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Tweet Fish and Chips
Portion of white fish, about the size of a hand, deep fried in batter, with potato chips about the size of a finger, served with the choice of salt, vinegar, brown sauce, curry sauce, tomato ketchup.
Photo: Andrew Dunn
Fish and chip shops are a relatively recent invention. Potatoes did not become commonplace in Europe until the 17th Century while the availability of cheap white fish in cities was depended on the development of trawling and of railways in the early 19th.
One of the contenders for 'first fish-and-chip shop', Joseph Malin's in Cleveland Street, London, was advertised in the 1860's as offering 'fish fried in the Jewish fashion', though, some twenty years earlier, Charles Dickens mentioned a 'fried fish warehouse' in Oliver Twist, published in 1838.
The other possible 'first' was Mr Lees of Mossely, near Oldham, Lancashire who is known to have sold fish and chips from a wooden market kiosk and, around 1863, transferred to a permanent shop which long afterwards advertised itself as the first fish and chip shop in the world.
Lee's Chip Potato Restaurant
(Photo origin unknown)
Henry Mayhew's vast 'London labour and the London poor' of 1865 estimated that there were around 300 fried fish sellers in London, mostly operating from carts or tiny shops where; "a slice of bread, 16 or 32 being cut from a quartern loaf, as they are whole or half slices, is sold or offered with the fish for a penny. The cry of the seller is "fish and bread a penny". For the itinerant trade a neatly painted wooden tray slung by a leathern strap from the neck is used the tray is papered over generally with clean newspapers and on the paper is spread the shapeless brown lumps of fish. Parsley is often strewn over them and a salt box is placed at the discretion of the customer." There is no mention of chips.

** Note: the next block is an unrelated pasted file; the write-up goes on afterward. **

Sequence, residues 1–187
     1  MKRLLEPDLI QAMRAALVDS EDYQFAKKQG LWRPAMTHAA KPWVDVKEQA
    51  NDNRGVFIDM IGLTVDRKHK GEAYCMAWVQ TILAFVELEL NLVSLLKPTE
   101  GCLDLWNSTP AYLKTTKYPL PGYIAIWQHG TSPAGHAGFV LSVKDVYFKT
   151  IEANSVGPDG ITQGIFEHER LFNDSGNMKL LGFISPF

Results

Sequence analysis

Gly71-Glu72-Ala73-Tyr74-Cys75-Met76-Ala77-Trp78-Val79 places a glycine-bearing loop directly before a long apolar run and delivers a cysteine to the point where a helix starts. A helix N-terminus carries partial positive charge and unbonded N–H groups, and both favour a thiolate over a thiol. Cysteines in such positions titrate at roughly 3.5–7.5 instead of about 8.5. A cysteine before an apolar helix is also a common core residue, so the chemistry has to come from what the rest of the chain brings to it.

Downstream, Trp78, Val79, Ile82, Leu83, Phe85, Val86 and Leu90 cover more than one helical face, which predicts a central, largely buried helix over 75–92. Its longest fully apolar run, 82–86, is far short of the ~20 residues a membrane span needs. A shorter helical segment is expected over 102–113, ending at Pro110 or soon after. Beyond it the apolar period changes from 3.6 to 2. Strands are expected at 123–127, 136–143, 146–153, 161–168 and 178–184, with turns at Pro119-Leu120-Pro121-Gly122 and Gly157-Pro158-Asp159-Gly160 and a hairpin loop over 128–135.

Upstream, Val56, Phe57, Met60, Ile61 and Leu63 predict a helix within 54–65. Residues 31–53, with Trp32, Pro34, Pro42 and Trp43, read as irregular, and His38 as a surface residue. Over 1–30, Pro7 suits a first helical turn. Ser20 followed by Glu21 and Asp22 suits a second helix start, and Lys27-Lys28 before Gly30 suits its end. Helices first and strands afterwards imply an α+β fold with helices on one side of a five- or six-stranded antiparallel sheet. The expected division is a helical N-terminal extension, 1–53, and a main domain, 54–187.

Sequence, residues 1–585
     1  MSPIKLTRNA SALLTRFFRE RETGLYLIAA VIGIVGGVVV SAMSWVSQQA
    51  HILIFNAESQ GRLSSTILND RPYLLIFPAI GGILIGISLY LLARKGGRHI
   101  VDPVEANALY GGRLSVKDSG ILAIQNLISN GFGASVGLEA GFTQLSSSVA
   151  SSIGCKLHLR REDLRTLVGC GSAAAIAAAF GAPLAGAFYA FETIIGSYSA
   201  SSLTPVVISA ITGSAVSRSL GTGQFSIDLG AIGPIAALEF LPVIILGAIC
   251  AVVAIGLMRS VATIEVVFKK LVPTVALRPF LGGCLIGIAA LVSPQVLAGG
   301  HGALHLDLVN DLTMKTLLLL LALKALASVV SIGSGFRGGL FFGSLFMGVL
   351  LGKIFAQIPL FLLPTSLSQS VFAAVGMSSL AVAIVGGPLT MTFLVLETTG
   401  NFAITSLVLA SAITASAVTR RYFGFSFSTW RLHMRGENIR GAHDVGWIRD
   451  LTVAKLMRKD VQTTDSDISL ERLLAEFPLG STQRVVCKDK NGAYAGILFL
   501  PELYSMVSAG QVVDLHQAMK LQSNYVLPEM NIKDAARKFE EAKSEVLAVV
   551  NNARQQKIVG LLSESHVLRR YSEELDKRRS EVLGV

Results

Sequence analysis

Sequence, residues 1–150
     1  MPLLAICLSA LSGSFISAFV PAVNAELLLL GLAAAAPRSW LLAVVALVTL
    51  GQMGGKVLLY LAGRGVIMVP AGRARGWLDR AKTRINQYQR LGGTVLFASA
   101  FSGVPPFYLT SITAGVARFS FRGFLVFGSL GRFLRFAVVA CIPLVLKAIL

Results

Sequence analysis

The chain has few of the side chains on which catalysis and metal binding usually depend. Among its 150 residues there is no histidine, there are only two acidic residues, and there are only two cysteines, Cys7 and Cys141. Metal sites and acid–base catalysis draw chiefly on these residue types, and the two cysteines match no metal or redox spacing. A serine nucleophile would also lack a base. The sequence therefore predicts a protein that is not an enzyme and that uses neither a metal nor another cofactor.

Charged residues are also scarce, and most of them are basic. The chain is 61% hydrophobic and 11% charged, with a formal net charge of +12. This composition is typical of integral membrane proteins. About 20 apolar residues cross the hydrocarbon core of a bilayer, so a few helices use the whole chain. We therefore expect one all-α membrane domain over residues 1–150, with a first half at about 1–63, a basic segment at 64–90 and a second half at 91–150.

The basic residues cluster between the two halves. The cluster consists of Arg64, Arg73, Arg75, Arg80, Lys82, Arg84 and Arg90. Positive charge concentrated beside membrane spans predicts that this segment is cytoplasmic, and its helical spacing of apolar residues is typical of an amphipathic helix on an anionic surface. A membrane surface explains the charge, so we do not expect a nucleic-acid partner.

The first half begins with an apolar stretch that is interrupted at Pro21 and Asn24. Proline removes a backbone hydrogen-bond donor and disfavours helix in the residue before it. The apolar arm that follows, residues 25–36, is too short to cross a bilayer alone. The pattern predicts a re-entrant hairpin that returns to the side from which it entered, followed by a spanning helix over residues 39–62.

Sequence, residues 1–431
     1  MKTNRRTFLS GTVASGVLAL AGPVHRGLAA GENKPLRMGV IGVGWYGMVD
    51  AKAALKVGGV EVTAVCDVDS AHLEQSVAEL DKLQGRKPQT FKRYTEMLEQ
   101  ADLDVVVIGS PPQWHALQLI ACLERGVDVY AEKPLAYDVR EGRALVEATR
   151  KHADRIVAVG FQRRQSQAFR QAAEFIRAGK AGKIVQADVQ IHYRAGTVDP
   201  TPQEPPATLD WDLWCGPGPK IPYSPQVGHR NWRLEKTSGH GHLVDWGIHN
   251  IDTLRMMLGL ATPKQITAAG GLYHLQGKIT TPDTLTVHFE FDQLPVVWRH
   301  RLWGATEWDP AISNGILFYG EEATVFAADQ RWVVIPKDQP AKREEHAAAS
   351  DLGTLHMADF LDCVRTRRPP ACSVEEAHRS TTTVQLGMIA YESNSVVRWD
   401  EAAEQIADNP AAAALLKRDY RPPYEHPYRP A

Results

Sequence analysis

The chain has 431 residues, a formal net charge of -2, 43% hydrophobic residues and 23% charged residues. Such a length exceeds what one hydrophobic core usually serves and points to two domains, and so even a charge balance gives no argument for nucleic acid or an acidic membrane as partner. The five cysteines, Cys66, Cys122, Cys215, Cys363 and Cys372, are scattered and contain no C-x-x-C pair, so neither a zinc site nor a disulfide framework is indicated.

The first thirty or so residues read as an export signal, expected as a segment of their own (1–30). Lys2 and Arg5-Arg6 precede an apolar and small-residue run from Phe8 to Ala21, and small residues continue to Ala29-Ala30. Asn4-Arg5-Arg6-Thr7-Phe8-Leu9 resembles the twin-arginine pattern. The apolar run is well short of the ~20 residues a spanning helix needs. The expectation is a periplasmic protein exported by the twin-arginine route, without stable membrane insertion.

Either way, it seems certain that the first fish-and-chip shop was some fifty years after the first English Curry Shop
The National Federation of Fish Fryers say that, in 1995, Britain had about 8,500 chip shops and consumed some 300 Million portions of Fish and Chips, equal to about six for every man, woman and child.
Under the old Public Health Act of 1936 fish frying was an "offensive trade", often requiring licensing and prohibited on the Sabbath. This meant that buying fish and chips from someone whose trade was fish frying was prohibited on a Sunday (or Friday to Saturday in the Jewish areas of London and Manchester) but you could buy fish and chips from a Chinese take-away.
Auguste Escoffier created a rather grand version of fish-and-chips called 'Lord Nelson Sole'
See also: 'Chip-Shop Fried Fish' and 'Potato Chips'
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